Date of Award


Level of Access Assigned by Author

Open-Access Thesis

Degree Name

Master of Science (MS)


Earth Sciences


Amanda Olsen

Second Committee Member

Jean MacRae

Third Committee Member

Andrew Reeve


Sulfide minerals oxidize through interaction with water and oxygen, releasing hydrogen ions. The process often occurs naturally near metal sulfide deposits, and can be accelerated through mining. Microorganisms accelerate the rate of sulfide oxidation. Acidified streams typically contain high metal concentrations (e.g. aluminum) and microbes in these systems may develop resistances to metal toxicity. Stream flow can affect sulfide oxidation and microbial community structure. Baseflow can influence stream chemistry from interactions with the surrounding bedrock, while stormflow affects stream chemistry and the local microbial community through dilution and addition of microbes transported by runoff. Microbial community composition is affected by seasonal shifts in water chemistry and climate conditions like temperature and precipitation. Little work has addressed the effects of acidification upon the biogeochemistry in streams located near sulfide deposits in northern New England and similar ecosystems. Maine has numerous metallic sulfide deposits. It is important to understand what microbes are present in aqueous systems near these deposits, the effects of chemistry and climate on their structure, and their sulfide oxidation potential within acidifying conditions in case one of these deposits were ever to be mined. We conducted a field study to assess community structure and its relationships with changing seasonal chemistry and hydrology within a naturally acidic stream Blood Brook. In the field, Blood Brook chemistry and microbial community was sampled and studied across an 8-month period of seasonal transition. We found that the community was resembled a typical community, with a small population of circumneutral iron-oxidizing bacteria. Changes in the microbial community structure were primarily driven by changes in stream flow throughout the study period, with stormflow overall increasing diversity.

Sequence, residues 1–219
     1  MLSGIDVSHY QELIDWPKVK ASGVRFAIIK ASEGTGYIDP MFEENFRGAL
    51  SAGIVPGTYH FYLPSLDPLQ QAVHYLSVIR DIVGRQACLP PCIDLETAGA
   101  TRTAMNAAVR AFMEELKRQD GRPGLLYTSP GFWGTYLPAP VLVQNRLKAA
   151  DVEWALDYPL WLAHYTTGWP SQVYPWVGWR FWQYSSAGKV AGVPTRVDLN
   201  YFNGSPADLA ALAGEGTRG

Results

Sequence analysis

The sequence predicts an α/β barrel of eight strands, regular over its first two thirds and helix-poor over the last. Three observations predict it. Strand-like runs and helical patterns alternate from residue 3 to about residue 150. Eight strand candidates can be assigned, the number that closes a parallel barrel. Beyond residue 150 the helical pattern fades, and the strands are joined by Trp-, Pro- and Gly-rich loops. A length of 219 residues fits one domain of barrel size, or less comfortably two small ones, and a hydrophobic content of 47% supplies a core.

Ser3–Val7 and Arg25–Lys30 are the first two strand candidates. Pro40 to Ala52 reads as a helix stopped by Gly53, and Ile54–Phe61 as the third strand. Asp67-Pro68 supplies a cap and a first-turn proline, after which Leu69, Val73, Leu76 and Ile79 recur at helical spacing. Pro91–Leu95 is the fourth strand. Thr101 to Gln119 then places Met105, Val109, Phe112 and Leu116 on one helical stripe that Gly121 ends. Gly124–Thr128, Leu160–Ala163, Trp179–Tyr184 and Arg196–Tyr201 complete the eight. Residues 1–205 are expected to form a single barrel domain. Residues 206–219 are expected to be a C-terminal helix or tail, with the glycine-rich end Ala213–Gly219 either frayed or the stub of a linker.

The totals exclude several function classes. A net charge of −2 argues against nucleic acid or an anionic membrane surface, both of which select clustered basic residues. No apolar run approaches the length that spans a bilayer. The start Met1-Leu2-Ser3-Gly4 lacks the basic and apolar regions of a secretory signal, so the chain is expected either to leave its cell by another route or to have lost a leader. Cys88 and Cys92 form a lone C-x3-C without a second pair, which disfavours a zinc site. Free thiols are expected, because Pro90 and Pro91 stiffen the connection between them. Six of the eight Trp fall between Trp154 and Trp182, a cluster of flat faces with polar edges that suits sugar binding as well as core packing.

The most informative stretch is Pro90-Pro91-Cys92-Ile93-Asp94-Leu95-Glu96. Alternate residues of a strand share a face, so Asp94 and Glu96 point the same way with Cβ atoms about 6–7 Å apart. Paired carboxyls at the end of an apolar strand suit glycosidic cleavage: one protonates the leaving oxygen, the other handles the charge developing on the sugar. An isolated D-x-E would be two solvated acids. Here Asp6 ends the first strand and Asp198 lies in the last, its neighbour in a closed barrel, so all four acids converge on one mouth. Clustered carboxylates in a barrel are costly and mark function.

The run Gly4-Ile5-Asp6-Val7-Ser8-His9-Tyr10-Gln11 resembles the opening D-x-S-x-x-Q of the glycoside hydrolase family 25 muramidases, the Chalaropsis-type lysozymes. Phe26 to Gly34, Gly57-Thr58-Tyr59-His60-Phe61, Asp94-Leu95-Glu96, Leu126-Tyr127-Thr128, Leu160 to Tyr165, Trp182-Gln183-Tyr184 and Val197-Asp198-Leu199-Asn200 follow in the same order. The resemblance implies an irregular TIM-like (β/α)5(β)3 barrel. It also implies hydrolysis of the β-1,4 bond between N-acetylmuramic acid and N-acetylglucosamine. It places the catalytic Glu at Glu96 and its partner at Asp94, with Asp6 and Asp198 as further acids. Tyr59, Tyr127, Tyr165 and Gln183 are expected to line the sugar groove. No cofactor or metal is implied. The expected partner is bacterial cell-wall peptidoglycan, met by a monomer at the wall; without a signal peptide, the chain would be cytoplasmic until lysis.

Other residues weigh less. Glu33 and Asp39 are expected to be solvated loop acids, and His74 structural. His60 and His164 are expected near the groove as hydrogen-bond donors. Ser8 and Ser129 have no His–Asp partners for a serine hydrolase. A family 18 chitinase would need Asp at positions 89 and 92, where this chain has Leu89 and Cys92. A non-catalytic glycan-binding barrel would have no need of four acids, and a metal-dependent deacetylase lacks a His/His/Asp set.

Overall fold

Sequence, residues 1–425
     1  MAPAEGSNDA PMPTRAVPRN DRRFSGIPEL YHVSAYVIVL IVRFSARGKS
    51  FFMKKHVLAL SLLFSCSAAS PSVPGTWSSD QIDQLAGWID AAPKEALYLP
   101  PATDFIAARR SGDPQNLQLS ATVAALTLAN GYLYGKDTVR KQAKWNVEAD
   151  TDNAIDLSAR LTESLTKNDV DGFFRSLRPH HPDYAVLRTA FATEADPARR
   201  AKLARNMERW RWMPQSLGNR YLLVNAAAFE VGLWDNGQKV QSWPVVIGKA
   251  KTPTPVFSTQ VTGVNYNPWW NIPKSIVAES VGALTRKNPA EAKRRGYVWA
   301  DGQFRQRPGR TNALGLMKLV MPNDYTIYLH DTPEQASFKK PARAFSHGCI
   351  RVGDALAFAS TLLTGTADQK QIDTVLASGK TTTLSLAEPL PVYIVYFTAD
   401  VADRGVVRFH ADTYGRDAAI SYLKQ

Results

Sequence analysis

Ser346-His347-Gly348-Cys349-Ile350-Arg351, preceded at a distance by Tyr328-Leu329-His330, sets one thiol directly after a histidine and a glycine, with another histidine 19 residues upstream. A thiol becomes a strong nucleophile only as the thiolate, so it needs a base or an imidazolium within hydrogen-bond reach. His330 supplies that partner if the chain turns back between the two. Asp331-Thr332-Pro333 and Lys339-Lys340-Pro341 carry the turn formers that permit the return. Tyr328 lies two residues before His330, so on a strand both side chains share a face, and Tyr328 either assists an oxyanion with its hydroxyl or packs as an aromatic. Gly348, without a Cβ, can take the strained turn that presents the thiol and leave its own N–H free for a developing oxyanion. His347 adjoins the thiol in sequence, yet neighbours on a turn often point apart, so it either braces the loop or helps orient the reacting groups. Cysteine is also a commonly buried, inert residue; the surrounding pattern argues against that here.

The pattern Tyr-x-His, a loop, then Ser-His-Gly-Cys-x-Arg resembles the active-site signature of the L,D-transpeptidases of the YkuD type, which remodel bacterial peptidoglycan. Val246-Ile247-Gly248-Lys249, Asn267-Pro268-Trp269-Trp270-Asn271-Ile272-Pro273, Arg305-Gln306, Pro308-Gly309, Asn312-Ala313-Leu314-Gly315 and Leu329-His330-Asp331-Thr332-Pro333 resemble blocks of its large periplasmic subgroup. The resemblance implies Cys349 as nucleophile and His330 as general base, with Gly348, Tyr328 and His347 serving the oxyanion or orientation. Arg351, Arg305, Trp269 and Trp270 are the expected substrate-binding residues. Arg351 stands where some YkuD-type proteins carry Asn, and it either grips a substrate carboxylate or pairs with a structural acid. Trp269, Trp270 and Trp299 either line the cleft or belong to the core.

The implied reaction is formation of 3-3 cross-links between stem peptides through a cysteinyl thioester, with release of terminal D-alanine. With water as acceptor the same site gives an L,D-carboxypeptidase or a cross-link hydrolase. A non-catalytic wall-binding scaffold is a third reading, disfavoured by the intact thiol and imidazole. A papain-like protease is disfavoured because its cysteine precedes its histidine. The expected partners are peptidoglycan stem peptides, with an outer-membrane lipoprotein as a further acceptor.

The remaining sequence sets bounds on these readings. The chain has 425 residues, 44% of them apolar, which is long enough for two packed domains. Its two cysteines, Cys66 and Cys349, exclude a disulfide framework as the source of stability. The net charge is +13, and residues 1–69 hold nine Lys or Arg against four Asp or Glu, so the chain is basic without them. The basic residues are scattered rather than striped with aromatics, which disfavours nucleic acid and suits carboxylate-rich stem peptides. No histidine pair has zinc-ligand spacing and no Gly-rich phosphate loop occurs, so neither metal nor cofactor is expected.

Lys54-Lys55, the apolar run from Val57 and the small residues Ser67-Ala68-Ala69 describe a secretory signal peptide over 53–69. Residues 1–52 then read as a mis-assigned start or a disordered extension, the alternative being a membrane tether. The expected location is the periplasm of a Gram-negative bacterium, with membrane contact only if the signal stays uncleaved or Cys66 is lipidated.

A series of three, five-week, batch reactor experiments were also conducted to assess changes within the experimental community exposed to increased amounts of pyrite, and to assess how its sulfide oxidation potential changed from differing sampling conditions. Experiments were conducted using an abiotic and biotic treatment. During the experiments, we found no significant differences between abiotic and biotic sulfate concentration changes, but there were significant differences in pH changes between treatments. Microbial community analyses of the experimental solutions revealed that there were limited classified sulfide or iron oxidizing bacteria, despite precipitate evidence of circumneutral iron oxidizing bacteria. These data suggest that there is limited bacterial sulfide oxidation occurring, and that something else was driving biological pH changes. Dominant in the final communities were genera Acidocella and Acidisoma, indicating the acidic conditions drove the microbial community to become an acidophilic one. Precipitate observations revealed structures resembling those produced by previously identified circumneutral iron oxidized bacteria. The final experimental communities resembled those that have been observed in circumneutral iron-rich groundwater and surface water communities.

We concluded that the Blood Brook microbial community is primarily a stream community, whose structure is primarily influenced in changes in hydrologic flow conditions. We also conclude that under experimental acidifying conditions, changes in the community are primarily driven by decreases in pH and increases in specific conductance.